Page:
For our final post, I thought it would be fitting to talk to Jean O’Neil, who has just retired after 39 years teaching at the Lincoln School.
“One of the reasons I liked staying here my whole career is the culture,” Jean said. “It is very diverse. The parents are very willing to help their children, and the children work very hard. The staff works well together here. It’s a nice feeling that you can depend on each other.”
O’Neil grew up in Melrose and went to St. Mary’s for 12 years. “I played basketball here at the Lincoln School when I was young—they had CYO basketball—so it was kind of like coming home,” she said.
And she always wanted to be a teacher: “I love being with children. I feel like I learn from them sometimes more than they learn from me. I think the way children think sometimes is a different perspective; it opens your eye to new things.”
O’Neil taught fourth grade for 37 years, and two years ago, when there was a bubble class, she moved to second grade. “I think going up is easier than going down,” she said. “They have different needs in second grade. Reading is the emphasis in K-2, learning to read, and 3-5 is reading to learn, so there is a big difference.”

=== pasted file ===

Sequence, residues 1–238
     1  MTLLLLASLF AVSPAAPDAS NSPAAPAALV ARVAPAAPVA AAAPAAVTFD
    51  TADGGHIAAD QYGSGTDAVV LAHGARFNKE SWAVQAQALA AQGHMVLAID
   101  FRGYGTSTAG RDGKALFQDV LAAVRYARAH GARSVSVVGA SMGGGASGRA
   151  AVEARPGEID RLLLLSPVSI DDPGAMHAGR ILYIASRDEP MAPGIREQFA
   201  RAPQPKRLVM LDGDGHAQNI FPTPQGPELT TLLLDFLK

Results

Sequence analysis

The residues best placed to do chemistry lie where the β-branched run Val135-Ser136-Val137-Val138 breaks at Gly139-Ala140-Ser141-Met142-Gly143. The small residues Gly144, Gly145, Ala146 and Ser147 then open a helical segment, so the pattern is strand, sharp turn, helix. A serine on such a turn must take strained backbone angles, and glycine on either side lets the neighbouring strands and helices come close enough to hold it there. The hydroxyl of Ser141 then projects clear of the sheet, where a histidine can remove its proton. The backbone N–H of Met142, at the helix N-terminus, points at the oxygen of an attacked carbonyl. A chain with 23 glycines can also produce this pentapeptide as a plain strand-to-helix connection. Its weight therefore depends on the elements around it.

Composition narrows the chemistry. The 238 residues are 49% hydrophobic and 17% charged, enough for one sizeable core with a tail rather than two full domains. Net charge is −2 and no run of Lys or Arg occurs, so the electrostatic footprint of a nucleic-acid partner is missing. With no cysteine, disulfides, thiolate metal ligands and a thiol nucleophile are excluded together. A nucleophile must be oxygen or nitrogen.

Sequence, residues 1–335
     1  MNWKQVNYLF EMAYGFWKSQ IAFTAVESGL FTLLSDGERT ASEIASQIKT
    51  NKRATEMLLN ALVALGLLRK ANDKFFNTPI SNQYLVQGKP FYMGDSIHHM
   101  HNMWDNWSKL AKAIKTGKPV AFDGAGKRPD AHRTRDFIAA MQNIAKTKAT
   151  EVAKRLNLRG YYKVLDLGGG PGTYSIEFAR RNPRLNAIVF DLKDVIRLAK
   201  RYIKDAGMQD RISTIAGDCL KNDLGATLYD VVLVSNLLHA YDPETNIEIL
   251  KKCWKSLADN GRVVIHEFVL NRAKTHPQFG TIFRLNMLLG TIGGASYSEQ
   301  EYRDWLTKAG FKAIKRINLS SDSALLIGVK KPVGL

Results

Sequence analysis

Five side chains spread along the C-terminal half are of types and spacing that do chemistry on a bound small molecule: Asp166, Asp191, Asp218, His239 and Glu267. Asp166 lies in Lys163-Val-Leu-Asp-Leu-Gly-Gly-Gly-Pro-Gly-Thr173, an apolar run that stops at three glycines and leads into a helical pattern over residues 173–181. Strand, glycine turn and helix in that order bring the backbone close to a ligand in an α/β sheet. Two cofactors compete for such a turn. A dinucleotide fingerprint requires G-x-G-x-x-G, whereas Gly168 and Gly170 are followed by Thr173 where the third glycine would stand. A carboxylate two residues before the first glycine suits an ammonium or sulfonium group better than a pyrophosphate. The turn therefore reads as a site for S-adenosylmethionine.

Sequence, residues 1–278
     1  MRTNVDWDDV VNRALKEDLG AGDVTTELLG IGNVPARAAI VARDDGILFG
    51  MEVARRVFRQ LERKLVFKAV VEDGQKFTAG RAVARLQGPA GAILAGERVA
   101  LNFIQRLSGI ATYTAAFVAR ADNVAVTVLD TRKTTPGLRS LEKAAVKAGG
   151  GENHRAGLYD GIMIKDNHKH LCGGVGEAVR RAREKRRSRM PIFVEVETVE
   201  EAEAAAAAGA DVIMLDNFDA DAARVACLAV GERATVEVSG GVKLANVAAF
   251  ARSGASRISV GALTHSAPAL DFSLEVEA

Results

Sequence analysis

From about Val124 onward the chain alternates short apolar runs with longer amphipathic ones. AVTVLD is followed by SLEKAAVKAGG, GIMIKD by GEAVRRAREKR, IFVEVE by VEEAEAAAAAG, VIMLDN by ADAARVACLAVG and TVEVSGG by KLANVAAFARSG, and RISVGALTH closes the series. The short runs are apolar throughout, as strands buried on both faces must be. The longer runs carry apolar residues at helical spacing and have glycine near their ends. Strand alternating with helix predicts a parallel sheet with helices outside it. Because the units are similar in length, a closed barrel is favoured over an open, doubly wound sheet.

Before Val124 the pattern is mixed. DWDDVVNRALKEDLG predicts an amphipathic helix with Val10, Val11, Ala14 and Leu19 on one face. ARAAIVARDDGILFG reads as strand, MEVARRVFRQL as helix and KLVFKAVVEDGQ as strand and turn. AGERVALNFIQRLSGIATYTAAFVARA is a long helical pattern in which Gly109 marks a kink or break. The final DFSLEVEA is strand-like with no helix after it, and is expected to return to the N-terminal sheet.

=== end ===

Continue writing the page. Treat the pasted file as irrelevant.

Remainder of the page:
O’Neil says that classroom instruction is more open-ended now. “When I first started, I think it was more reading about a situation, especially science and math, reading and showing the children how to do it,” she said. “Now they explore by themselves, then we talk about it, talk about different ways of thinking. A lot more freedom is given to children to explore, for their own creativity. As far as the math goes, children have to explain themselves more than in the past. There is more of an emphasis on writing in general, which is wonderful. Children do need to write to explain themselves. Now that more children are going to college, that is an emphasis that the colleges do have that children be able to write. They are putting on emphasis from kindergarten on doing narratives, how to books, poetry, expository writing—we just finished an opinion piece where the children had to write a letter to convince someone that they needed something. It’s very different.”
“When we first started, the children did a lot of creative writing,” she said. “You gave them a prompt and they went with it. Now the writing is structured. They can be creative within the structure, but it’s good because it gives them that structure and they are exposed to more different kinds of writing at an earlier age.”
Even after 39 years, she says, her favorite part of the job is simply being with the children. “Being with the children every day. Watching them succeed and feel like they have accomplished something. Watching them do something they didn’t think they could do. Watching them interact with each other, and watching children from different countries in particular. The more they interact with children from different countries early on, the better a world it will be.”
Thank you, Ms. O’Neil! I wish you and all the other teachers who retired this June a healthy and happy retirement.